Yankees' attendance is down almost 3,000 per game

Fans get ready to exit as the game Fans get ready to exit as the game between the Toronto Blue Jays and New York Yankees is postponed due to inclement weather at Yankee Stadium. (May 19, 2013) Photo Credit: Mike Stobe

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Yankees attendance is down an average of nearly 3,000 per game this season, which team officials attribute to a variety of factors, including poor early spring weather, injuries to prominent players, the attention focused on four local teams in the NBA and NHL playoffs and the larger economy.

"I can give you 13, 14, 20 different factors, not one of which is the reason, but all are applicable," Lonn Trost, the team's chief operating officer, said Thursday.

Trost had warned in February of soft season-ticket renewal figures at some price levels, a concern that has proved valid two months into the season.

The Yankees' average paid attendance through Wednesday was 38,035, a drop of 2,915 fans per game compared to this point in 2012, according to Baseball-Reference.com. (The Mets were steady, down 29 per game to 26,673.)

"We're not the only team whose attendance is down, believe me, I can assure you of that," Yankees managing general partner Hal Steinbrenner said earlier this month.

Eight other teams, including attendance stalwarts such as the Phillies, Red Sox and Cubs, have seen average drops larger than that of the Yankees.

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The attendance dip has been particularly frustrating for the Yankees. By most assessments, the team has overachieved on the field given the injuries that have sidelined Derek Jeter, Alex Rodriguez, Mark Teixeira, Curtis Granderson, Andy Pettitte and others. But those injuries have robbed it of star power.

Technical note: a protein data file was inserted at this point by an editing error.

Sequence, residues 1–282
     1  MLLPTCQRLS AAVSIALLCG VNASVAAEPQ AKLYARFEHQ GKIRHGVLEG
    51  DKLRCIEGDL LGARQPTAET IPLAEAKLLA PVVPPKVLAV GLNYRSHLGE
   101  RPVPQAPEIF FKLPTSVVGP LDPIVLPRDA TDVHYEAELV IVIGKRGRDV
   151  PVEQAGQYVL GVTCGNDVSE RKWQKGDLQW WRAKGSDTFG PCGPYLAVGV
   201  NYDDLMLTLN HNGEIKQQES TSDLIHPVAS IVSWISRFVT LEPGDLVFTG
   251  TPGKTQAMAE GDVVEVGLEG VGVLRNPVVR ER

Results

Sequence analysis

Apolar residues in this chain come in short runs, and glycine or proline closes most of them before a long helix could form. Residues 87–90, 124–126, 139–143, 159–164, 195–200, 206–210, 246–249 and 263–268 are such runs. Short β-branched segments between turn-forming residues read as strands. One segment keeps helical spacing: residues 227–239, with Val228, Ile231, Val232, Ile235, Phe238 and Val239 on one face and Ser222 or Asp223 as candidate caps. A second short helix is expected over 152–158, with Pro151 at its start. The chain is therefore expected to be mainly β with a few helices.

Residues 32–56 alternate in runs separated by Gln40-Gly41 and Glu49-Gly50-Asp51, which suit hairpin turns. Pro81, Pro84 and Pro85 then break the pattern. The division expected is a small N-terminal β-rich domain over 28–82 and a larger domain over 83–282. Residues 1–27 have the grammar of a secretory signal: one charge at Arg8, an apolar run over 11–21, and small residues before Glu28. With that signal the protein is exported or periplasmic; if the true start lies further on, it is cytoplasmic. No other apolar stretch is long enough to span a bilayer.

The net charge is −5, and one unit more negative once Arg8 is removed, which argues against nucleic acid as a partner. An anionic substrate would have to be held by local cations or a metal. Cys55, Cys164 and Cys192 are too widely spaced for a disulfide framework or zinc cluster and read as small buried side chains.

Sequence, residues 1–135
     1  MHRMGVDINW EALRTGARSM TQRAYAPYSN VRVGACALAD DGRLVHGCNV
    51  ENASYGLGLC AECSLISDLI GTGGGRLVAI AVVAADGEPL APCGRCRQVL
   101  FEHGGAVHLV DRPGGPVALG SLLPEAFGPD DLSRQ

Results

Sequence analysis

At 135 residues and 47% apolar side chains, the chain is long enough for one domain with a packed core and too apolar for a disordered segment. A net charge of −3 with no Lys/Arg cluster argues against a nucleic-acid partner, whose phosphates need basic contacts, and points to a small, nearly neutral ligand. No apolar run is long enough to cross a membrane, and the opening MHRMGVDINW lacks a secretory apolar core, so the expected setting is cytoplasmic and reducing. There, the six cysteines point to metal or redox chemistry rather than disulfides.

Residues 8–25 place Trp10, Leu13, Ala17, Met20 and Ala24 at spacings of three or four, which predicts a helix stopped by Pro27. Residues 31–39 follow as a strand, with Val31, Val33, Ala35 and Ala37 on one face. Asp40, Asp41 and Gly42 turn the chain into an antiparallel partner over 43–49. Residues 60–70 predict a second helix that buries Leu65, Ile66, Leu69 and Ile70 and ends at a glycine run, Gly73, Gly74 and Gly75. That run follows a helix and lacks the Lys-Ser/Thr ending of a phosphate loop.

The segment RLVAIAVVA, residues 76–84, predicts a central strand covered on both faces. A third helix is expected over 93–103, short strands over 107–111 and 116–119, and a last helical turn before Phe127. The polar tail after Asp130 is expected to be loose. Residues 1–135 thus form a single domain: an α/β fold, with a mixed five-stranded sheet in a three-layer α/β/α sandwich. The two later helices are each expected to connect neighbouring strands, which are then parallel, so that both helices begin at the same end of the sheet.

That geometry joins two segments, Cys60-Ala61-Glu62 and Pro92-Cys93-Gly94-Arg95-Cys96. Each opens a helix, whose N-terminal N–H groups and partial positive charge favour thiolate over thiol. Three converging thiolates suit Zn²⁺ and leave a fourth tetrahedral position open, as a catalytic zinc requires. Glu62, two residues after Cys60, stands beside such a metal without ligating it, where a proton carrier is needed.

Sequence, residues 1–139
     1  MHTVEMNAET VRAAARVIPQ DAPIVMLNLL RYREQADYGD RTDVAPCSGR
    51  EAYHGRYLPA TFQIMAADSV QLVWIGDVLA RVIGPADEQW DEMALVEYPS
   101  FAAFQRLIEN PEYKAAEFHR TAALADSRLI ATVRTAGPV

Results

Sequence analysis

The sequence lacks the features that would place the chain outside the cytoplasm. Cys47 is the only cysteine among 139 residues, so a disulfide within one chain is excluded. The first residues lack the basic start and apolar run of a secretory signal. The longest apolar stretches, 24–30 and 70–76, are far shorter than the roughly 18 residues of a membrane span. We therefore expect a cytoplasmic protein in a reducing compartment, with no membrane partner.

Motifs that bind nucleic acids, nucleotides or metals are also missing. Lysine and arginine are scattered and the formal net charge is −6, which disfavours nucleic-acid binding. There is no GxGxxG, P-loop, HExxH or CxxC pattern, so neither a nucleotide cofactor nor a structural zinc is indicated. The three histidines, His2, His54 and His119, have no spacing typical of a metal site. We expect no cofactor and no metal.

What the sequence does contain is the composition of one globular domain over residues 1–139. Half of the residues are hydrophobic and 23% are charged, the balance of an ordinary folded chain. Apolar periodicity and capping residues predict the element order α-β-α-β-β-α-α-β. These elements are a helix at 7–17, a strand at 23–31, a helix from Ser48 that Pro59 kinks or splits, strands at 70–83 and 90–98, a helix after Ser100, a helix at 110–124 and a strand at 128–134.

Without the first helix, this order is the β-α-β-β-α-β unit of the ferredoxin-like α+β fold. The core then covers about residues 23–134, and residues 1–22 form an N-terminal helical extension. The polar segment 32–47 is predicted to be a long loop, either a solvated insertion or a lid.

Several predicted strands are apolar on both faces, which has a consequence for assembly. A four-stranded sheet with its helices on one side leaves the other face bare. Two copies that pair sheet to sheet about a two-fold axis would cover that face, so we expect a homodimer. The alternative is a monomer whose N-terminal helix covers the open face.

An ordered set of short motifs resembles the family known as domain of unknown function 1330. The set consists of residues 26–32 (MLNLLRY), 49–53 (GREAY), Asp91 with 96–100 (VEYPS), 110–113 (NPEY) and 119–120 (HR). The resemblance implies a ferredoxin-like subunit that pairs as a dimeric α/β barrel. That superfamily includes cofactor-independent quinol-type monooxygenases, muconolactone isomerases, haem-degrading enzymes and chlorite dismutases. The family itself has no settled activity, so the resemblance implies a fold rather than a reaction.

"Did it have an effect that 99 percent of our team was playing in Tampa [at the team facility there] or not playing at all?" Trost said, overstating for effect.

"Does it have an effect that you can't name the players without a scorecard? Sure . . . We put in replacements who the fans knew of, and we lost them, too."

Trost took issue with the perception that expensive tickets largely are to blame. "I actually think that is the least of the issues," he said, saying the costliest seats mostly are sold but less pricey ones have gone begging.

"[The media] always talks about the expensive seats, but we have affordable seats every day -- specials, $5 nights, children go free, Boy Scout nights, senior citizen night," Trost said.

Before the season, the Yankees opted out of MLB's partnership with the resale site StubHub.com, partnering with TicketMaster in an effort to gain more control of the secondary market for their tickets.

Trost said it is too soon to fully assess the implications of that move, which he called a "mixed bag" so far.

"Have some brokers complained? Sure," he said. "But we haven't seen many complaints from the fans."

After visits by the Mets this week and the Red Sox this weekend, the attendance average is likely to improve. The hope is that it will spark a trend into summer.

"I think as the kids get out of school, the weather warms up and the other sports have wound down, so to speak, it's going to get better," Steinbrenner said.

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"I think more and more fans are going to come out and support this team, which again I believe deserves support, regardless of what their last names are. They've earned it."

Said Trost: "If I had one thing to say to our fan base, it's 'come on out. There are tickets here for everybody.' "

With David Lennon

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